“Changing of the Guards”

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Changing_of_the_Guards_cover

“Sixteen years”. Those are the emphatic words that open “Changing of the Guards”, the third and final single from Street Legal. Released in 1978, it was exactly sixteen years since his debut album, and, for me, sixteen weeks into this one-year-one-week trek through Dylan’s life.

I have to say it: I love this song. I mean, I really adore it. Seriously, today I would put it among the top ten songs that he’s ever written. It’s the lead song on an album that most people don’t like. It has all the elements that people deride – the back-up singers, the sax between every verse – and that might be a problem with the way that the song was recorded. But as a song, I think it’s one of the best things that he’s ever done. It’s a full on and complete return to the lyrical complexity that marked his best mid-1960s material. The song, to me, is an absolute triumph.

It’s almost impossible not to read this one in autobiographical terms. Apart from the opening declaration, there is, for example, this verse:

Fortune calls

I stepped forth from the shadows, to the marketplace

Merchants and thieves, hungry for power, my last deal gone down

She’s smelling sweet like the meadows where she was born

On midsummer’s eve, near the tower

The whole thing plays out as a reminiscence on his career to date, and also on his relationship to his now ex-wife, Sara. The lyrics are vague, mystical, and quasi-religious, filled with mythical elements (“She was torn between Jupiter and Apollo”). Lyrically, it is a superior piece of work.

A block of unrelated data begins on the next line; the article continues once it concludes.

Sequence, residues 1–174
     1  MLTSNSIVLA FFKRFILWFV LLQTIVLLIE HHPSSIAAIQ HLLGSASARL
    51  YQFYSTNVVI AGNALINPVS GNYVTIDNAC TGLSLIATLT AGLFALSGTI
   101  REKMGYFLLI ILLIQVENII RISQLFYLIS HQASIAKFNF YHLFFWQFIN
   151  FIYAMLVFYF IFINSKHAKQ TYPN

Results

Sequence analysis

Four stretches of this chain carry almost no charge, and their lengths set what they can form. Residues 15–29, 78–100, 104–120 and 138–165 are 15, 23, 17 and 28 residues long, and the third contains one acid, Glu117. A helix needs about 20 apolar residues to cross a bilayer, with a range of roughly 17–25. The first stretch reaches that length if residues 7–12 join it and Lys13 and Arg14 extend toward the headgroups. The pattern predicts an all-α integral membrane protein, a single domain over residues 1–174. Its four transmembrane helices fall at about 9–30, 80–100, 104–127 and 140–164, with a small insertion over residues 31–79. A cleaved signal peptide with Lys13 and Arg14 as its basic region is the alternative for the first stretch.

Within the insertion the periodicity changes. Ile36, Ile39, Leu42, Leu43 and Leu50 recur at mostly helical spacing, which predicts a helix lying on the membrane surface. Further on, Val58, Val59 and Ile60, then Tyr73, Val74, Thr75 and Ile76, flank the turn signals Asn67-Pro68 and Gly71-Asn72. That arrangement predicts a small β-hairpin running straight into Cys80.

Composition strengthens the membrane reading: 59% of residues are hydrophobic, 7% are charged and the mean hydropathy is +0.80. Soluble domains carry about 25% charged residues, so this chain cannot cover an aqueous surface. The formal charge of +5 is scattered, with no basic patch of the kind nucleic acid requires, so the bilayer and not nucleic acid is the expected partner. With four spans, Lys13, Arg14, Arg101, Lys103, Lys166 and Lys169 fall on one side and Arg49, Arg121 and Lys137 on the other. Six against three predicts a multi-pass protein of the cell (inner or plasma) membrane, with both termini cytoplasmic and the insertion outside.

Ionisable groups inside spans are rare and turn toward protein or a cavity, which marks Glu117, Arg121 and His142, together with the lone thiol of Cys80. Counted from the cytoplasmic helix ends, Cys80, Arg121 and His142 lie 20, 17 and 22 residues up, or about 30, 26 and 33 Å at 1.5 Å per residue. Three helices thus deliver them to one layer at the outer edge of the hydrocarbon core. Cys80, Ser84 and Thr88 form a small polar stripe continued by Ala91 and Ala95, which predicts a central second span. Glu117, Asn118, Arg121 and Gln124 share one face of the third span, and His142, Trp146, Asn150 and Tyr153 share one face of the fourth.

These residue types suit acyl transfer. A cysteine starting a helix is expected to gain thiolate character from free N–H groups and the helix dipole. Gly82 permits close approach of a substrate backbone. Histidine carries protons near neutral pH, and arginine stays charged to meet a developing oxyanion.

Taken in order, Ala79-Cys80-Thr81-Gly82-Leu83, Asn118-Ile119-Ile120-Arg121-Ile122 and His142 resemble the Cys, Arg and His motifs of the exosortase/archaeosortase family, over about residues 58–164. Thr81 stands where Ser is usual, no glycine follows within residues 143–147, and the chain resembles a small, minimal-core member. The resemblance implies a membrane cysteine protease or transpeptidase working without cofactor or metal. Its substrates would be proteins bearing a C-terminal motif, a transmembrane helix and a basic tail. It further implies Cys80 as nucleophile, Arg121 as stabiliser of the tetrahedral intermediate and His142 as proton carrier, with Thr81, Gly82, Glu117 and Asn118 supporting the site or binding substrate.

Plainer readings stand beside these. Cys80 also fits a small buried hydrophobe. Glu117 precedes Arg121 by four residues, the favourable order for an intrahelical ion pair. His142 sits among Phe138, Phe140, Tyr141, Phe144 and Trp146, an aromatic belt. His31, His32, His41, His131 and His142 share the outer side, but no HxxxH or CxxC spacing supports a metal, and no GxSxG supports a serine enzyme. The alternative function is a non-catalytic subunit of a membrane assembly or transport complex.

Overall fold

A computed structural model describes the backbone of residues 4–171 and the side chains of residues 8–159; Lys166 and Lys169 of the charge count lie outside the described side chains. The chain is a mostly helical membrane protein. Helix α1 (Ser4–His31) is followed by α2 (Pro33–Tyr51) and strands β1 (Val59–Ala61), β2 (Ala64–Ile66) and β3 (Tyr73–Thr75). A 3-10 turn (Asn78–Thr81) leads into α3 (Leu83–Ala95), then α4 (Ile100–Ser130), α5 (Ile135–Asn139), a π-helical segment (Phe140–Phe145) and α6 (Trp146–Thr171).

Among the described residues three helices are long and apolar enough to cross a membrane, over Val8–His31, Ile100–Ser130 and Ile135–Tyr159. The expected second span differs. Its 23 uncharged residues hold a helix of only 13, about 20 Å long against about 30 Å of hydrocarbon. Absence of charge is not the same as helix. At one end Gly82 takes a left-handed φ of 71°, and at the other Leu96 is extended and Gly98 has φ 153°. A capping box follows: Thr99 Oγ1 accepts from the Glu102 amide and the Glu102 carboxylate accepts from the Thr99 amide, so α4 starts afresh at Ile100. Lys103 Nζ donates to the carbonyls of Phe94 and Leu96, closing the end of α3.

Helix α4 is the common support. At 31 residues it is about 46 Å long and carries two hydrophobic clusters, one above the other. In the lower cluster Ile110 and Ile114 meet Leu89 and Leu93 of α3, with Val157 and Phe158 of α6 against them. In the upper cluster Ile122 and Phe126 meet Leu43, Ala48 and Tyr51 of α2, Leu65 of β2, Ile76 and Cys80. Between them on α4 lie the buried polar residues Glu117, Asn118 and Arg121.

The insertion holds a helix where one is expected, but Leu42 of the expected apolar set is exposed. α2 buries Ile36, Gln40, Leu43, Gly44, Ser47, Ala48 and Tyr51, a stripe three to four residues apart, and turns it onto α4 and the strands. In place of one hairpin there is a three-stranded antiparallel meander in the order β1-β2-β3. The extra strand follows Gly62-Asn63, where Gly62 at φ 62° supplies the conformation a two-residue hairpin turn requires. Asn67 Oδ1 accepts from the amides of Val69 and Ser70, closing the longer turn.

What really puts this one over for me are the live performances of it. This is the third straight non-charting single that Dylan would only ever play on his epic 1978 world tour, but he played it incredibly well. It was frequently in the encore, and it was the rousing anthem that was used to send the crowd home happy. Dylan punches those short first lines (“Sixteen years”, “Fortune calls”, and my personal favourite, “They shave her head” (such a bizarre way to begin a verse in any song)) and often creates beautiful segues out of the sax part. I’ve been listening to a lot of the 1978 tour this week already, and this has quickly become the major discovery of the year for me.

The version that is found on Street Legal is far from the ideal way to listen to this song. Here’s Dylan performing it in Nashville (the sound starts after ten seconds or so):

Here’s another way to do it – the inimitable Patti Smith:

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